The St. Constantine Greek Orthodox Church in the western Turkish province of İzmir has reopened following renovations. A Divine Liturgy for first time in 93 years took place on May 11, 2015, with the participation of the Ecumenical Patriarch Bartholomew.
Bartholomew and Menemen Mayor Tahir Şahin reopened the church with a ceremony where they threw white doves and planted an olive tree in the garden as symbols of peace.
Bartholomew, who performed the first liturgy in the historic church since the Turkish army stormed and burned the city in 1922, thanked the municipality and Menemen local government for the renovation of the church. Şahin welcomed him in the garden of the church with flowers before the liturgy. Bartholomew said the re-opening of St. Constantine Church Church will add to the already rich culture of İzmir.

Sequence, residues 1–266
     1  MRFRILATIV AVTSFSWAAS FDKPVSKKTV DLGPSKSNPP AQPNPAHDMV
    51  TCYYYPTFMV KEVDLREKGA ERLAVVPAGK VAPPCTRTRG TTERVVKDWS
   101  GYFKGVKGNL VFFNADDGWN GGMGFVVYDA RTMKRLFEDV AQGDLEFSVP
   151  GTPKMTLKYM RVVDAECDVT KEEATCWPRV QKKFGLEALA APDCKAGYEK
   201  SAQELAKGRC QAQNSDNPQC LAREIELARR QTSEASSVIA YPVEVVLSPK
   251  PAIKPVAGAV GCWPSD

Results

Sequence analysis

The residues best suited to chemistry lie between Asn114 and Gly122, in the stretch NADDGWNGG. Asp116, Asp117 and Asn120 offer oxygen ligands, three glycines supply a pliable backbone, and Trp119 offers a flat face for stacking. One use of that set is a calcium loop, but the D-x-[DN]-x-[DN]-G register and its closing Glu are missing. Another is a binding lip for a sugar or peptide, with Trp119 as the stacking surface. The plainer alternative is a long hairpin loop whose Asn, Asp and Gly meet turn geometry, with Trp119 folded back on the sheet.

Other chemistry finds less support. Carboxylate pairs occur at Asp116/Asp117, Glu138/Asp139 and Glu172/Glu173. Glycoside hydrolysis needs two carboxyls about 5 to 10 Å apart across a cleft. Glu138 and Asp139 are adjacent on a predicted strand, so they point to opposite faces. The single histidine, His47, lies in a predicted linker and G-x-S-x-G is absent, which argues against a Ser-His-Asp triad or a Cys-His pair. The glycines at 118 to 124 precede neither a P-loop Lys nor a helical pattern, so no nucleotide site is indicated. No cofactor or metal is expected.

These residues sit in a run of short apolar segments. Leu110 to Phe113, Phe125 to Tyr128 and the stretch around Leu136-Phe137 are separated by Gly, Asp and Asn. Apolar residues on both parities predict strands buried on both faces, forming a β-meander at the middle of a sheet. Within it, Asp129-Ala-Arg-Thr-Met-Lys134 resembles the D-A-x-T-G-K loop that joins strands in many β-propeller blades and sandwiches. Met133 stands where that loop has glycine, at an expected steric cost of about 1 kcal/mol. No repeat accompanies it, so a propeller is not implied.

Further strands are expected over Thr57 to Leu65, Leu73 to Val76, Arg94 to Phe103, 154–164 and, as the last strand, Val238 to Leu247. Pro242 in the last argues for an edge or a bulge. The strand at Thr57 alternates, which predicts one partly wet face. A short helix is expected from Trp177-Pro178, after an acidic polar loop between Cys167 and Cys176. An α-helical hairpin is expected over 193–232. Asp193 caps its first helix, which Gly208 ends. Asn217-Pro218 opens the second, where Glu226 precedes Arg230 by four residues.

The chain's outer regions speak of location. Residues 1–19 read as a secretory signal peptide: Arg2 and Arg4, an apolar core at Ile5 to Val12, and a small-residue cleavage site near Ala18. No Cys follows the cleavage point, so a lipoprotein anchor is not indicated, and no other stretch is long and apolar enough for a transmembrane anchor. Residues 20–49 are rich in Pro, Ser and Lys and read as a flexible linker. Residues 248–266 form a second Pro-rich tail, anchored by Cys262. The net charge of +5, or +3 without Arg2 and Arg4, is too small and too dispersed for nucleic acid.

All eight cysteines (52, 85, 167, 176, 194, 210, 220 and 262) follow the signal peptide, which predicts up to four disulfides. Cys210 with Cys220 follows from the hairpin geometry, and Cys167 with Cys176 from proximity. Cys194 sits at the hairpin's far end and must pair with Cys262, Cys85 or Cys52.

“An indispensable part of the right to religion is the right to worship. We believe that people from all religions should be able to properly perform their worship. Our stance on this issue can be defined as: what we want for the Christian community, we want for the Muslims as well,” said Bartholomew, adding he had prayed for peace, wealth and fertility for Turkey and the world.
Şahin, who has been the mayor of Menemen for 16 years, said during the ceremony that humanity comes first.
“The religion, sect or ethnicity of people is not important for us. We care for humans first. There has to be holy places where people can perform their religious worshipping freely.”